Directions. Decode the name of this expedition member. Eight letters. Left half of circle. Right arrow. U shape. Hourglass. Straight Arrow. Cross. Cross. Square.
[Pause to complete.]
Image description. Man with long dark hair and a bandana looks on.
With “uncommon skill as a hunter and woodsman” and an ability to translate Indian sign language as well as French, this Shawnee and French-Canadian recruit was one of the most valued members of the expedition.
Directions. Decode the name of this expedition member. Ten letters. Right half of circle. Right arrow. Circle. U shape. Stacked squares. L shape. L shape. Straight arrow. Right arrow. Right half circle.
[Pause to complete.]
Image description: Painting of Young woman with dark hair and braids.
This Shoshoni woman and her baby’s presence in the expedition signaled peace. Just a teenager, she was known for her calm perseverance. In Spring 1805 when an expedition boat began to capsize, she saved the scientific instruments and papers on board.
Directions. Decode the name of this expedition member. Nine letters. Circle with diagonal line. Straight arrow. Left half of circle. Straight arrow. Circle with straight line. Straight arrow. W shape. Square. Straight arrow.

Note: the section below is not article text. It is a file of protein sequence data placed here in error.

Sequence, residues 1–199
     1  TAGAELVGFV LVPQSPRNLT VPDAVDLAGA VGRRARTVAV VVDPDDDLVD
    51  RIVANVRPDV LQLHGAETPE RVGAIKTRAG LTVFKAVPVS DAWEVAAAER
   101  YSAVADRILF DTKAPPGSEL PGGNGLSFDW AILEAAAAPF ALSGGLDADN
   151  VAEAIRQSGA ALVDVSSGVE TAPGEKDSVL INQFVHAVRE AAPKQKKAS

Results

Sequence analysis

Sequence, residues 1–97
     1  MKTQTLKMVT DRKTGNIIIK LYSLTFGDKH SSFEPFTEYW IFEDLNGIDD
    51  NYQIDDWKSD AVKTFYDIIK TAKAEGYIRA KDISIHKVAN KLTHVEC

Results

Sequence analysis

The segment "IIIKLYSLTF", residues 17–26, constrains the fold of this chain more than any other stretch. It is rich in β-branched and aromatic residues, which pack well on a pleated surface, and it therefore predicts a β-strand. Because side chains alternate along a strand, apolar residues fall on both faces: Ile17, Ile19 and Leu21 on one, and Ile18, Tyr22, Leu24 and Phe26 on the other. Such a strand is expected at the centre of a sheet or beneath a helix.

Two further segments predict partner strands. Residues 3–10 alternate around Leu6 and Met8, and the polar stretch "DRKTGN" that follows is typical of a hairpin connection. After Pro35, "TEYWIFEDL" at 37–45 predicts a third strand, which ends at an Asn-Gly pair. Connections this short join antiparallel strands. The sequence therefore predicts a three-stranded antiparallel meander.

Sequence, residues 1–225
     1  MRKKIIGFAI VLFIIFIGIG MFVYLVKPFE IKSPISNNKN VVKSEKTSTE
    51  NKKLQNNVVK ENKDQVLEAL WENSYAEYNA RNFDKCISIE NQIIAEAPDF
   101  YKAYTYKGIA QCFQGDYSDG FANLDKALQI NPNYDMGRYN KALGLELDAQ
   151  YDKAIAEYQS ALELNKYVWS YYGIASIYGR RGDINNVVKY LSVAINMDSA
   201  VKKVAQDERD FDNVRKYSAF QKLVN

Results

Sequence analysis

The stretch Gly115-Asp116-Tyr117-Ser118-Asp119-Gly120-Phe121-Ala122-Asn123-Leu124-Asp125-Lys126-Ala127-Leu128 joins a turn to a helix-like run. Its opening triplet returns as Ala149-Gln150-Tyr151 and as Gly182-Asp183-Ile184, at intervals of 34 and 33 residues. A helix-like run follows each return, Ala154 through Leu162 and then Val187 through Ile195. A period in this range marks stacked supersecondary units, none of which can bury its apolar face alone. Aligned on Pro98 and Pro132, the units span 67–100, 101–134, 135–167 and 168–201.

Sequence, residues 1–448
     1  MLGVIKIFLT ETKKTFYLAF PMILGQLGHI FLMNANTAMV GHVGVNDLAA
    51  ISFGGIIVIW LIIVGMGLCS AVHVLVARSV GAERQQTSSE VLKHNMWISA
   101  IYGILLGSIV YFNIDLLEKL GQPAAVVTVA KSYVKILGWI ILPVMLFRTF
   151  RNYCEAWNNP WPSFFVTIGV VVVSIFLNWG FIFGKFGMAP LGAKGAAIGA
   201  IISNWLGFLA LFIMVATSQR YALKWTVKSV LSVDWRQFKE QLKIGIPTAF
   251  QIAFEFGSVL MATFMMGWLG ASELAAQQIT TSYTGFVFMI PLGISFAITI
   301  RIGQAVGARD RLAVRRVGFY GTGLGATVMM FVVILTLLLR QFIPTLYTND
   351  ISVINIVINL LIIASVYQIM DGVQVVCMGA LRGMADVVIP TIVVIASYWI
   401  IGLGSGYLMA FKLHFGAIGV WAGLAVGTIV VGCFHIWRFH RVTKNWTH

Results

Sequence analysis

[Pause to complete.]
Directions: Fill in the order these people should speak, to translate Shoshoni to English.
Chief Cameahwait — speaks Shoshoni.
Charbonneau — speaks Hidatsa and French
Labiche — speaks French and English
Sacagawea — speaks Shoshoni and Hidatsa
Lewis & Clark: speak English
Hint: Chief Camehawait is first in the translation chain, and Lewis and Clark are last.
[Pause to complete.]
The Real Deal. This translation chain really happened— in the summer of 1805 when the Corps needed Shoshoni horses to cross the Rocky Mountains.
Bonus: Ask at the site you’re visiting: What stories took place here? Who was involved?
Icon of two hands in a handshake. August 3, 1804. Council Bluffs. Chiefs from Otoe and Missouria tribes meet with the captains. The tribes’ participation makes the expedition’s first attempt at diplomacy a relative success.
This Junior Ranger read along video narrates and audio describes the Lewis and Clark Trail Junior Ranger activity, Members of the Expedition. Follow along in your booklet, or turn on closed captions.
CROSSING THE CONTINENT